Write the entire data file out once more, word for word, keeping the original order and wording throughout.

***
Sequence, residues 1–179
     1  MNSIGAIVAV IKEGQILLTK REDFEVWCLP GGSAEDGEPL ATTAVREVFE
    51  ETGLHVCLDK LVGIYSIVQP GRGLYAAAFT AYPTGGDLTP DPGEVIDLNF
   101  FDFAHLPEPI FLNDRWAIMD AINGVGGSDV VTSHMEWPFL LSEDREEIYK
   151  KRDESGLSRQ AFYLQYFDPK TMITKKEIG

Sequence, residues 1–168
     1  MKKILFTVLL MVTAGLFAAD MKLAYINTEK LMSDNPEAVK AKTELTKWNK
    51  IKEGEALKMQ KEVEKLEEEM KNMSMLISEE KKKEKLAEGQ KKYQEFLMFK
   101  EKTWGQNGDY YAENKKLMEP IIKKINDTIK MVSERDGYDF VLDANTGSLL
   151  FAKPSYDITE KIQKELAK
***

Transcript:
Sequence, residues 1–179
     1  MNSIGAIVAV IKEGQILLTK REDFEVWCLP GGSAEDGEPL ATTAVREVFE
    51  ETGLHVCLDK LVGIYSIVQP GRGLYAAAFT AYPTGGDLTP DPGEVIDLNF
   101  FDFAHLPEPI FLNDRWAIMD AINGVGGSDV VTSHMEWPFL LSEDREEIYK
   151  KRDESGLSRQ AFYLQYFDPK TMITKKEIG

Sequence, residues 1–168
     1  MKKILFTVLL MVTAGLFAAD MKLAYINTEK LMSDNPEAVK AKTELTKWNK
    51  IKEGEALKMQ KEVEKLEEEM KNMSMLISEE KKKEKLAEGQ KKYQEFLMFK
   101  EKTWGQNGDY YAENKKLMEP IIKKINDTIK MVSERDGYDF VLDANTGSLL
   151  FAKPSYDITE KIQKELAK